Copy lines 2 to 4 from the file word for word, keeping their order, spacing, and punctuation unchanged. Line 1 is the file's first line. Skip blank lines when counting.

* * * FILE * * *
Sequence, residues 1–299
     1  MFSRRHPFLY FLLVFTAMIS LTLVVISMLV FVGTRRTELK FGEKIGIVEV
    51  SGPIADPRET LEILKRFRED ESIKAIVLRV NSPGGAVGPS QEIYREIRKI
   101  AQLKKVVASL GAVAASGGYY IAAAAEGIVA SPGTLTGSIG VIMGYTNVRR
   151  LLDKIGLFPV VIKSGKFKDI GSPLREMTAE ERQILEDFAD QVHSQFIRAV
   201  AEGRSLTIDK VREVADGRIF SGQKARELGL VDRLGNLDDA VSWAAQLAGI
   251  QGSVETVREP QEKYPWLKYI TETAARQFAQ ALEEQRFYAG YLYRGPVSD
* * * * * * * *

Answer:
     1  MFSRRHPFLY FLLVFTAMIS LTLVVISMLV FVGTRRTELK FGEKIGIVEV
    51  SGPIADPRET LEILKRFRED ESIKAIVLRV NSPGGAVGPS QEIYREIRKI
   101  AQLKKVVASL GAVAASGGYY IAAAAEGIVA SPGTLTGSIG VIMGYTNVRR